14. The neck actually goes up to the neck pickup. The rest is maple. These are light, stiff, and true high end instruments. Very playable. Benedetti single coils (some have visible polepieces) and the Vigier preamp offer lots of sounds. 18 V circuitry. Schaller strap locks, tuners, and bridge. Some notes... First instruments Patrice Vigier made had wooden neck. There was even a model with metal in between the fretboard and the neck. Electronics were developed. During the series two time there were two models available, Passion and Arpege. The neck was available with Delta metal fingerboard (fretless), or fretted with phenolic resin board. No front dots. Carbon fibre neck, no truss rod. Passion had two options for electronics, the semi-parametric (as above) and another with interchangeable ROM packs (two visible dots in the top close to the pots hold the circuitry). The latter has two pots, a Vol and a rotary switch with different preset sounds. There were few different packs available. Some colours include black, burgundy red, green and blue. Later on there were also "sunbursts", natural, and some see-throughs available. I may have seen a silvery one with a ROM pack, maybe. HW is silver, black or gold. Arpege has the neck pickup closer to the neck and a bass pot. There was a very special circuitry available, called Nautilus. Lots of pots and even a memory with a display for several sounds. External power box. Ultra rare. Ultra complicated. Series III is a neck through, and since then the necks have been 10/90, where the numbers represent the percentage of carbon fibre / wood. Series IV is a bolt-on. Electronics and HW vary. Most of the basses have 4 strings but there are few 5- and 6-string instruments. You want one, buy this now. The next time you see one may take some time.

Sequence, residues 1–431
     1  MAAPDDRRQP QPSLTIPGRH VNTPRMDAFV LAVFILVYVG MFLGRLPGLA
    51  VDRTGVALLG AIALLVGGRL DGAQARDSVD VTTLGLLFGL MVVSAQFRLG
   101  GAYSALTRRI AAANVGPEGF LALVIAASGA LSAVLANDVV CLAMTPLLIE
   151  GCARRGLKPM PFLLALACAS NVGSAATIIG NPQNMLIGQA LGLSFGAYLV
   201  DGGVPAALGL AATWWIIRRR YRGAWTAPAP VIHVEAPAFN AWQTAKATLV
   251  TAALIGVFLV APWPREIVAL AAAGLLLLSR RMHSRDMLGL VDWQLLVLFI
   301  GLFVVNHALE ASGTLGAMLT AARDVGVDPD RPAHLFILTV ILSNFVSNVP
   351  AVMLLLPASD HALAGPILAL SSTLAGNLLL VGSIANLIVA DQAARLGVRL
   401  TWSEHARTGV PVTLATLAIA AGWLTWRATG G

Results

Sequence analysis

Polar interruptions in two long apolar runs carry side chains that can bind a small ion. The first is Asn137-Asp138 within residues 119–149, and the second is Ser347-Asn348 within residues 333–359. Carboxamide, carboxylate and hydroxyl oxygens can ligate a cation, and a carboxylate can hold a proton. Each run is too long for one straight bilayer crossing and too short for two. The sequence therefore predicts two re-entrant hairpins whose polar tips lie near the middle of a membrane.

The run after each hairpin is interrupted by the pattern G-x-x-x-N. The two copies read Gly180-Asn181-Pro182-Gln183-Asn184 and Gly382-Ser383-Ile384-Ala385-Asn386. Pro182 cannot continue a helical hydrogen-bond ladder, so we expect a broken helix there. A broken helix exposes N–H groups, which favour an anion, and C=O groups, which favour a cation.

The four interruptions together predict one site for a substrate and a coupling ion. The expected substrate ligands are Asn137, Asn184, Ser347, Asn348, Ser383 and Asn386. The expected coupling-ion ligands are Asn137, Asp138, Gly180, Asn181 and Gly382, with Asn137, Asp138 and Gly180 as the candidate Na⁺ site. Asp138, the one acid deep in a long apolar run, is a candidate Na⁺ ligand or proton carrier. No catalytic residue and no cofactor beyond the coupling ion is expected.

15. Take a look at the strap button at the end of the bass. Three numbers. Vigier has a database in his pages that tells the build date according to the serial.
  16. What is the serial (and the build time)? Does the semi-parametric go upwards or downwards, when turning the frequency pot clockwise?
  17. Will the next body be done from two parts? Top can hide a lot of what is underneath.
  18. Yes, he did. A 5-string fretless, maybe?
  19. This is called "semi-parametric mids". Shape attenuates (down to -3 dB) or boosts the selected frequency (up to 11 dB). Fully parametric would give the possibility to adjust the Q-factor, which is the width of the boost/cut. Here the Q is constant. You can compare this semi-parametric to a wahwah pedal. While playing, try to turn the freq, when the shape is at zero or 10.
  20. 8 & 15 August, 1-4 & 19 September... looks good, although these are practically private parties.
  21. Now that's a nice start! When will the fretless and 5 string versions arrive?
  22. No, I am not. There are some limitations and arrangements within these gigs. But getting back to the stage! (Just came from the rehearsals, there is clearly a place for some homework...)
  23. My 2 x 12" can handle 1.3 kW, so no need for an extra cab. My amp has enough power to make me deaf. Week and a half to the next gig! 7 booked already for August and September!
  24. If the amp is able to push power into 2 channels of 4 ohm loads (total of 2 ohms), go ahead. If the amp says 8 ohm per cab, you can try the 12 ohm setting. The impedance described in a single number is always an approximation, as it changes over the frequency range. In theory the bigger impedance is easier for the transistor amp. If your amp is a tube/valve unit, it is recommended to match the amp's output transformer to the cab(s). 8 to 8, or 4 to 4. When in doubt, 8 is a good guess, and avoid driving the amp to its limit. Usually the temp of the amp tells something about the matching, as hotter equals worse match: 1) Lower impedance requires more amps (A) from the transistor amp(lifier) and the head will be hotter. 2) Impedance mismatch in the tube amp drives the output transformer harder and the excessive heat may melt it. These are generalizations.
  25. I might use the word refining...